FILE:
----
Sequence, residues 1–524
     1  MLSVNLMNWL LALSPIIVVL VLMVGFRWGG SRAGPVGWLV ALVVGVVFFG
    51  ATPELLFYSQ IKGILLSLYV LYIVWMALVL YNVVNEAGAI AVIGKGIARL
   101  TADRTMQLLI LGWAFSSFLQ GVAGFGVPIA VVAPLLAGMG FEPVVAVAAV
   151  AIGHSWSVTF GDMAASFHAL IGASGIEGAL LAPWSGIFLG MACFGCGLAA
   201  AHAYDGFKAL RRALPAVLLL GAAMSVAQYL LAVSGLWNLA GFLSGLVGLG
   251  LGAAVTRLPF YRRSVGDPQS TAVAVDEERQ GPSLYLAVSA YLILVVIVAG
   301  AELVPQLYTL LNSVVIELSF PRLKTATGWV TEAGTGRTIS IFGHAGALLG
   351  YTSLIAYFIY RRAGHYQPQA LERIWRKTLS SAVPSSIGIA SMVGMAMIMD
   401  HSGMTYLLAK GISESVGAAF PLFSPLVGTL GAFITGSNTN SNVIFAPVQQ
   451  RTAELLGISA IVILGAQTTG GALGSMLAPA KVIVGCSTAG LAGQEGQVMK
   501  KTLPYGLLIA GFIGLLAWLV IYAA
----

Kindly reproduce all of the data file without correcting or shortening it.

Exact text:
Sequence, residues 1–524
     1  MLSVNLMNWL LALSPIIVVL VLMVGFRWGG SRAGPVGWLV ALVVGVVFFG
    51  ATPELLFYSQ IKGILLSLYV LYIVWMALVL YNVVNEAGAI AVIGKGIARL
   101  TADRTMQLLI LGWAFSSFLQ GVAGFGVPIA VVAPLLAGMG FEPVVAVAAV
   151  AIGHSWSVTF GDMAASFHAL IGASGIEGAL LAPWSGIFLG MACFGCGLAA
   201  AHAYDGFKAL RRALPAVLLL GAAMSVAQYL LAVSGLWNLA GFLSGLVGLG
   251  LGAAVTRLPF YRRSVGDPQS TAVAVDEERQ GPSLYLAVSA YLILVVIVAG
   301  AELVPQLYTL LNSVVIELSF PRLKTATGWV TEAGTGRTIS IFGHAGALLG
   351  YTSLIAYFIY RRAGHYQPQA LERIWRKTLS SAVPSSIGIA SMVGMAMIMD
   401  HSGMTYLLAK GISESVGAAF PLFSPLVGTL GAFITGSNTN SNVIFAPVQQ
   451  RTAELLGISA IVILGAQTTG GALGSMLAPA KVIVGCSTAG LAGQEGQVMK
   501  KTLPYGLLIA GFIGLLAWLV IYAA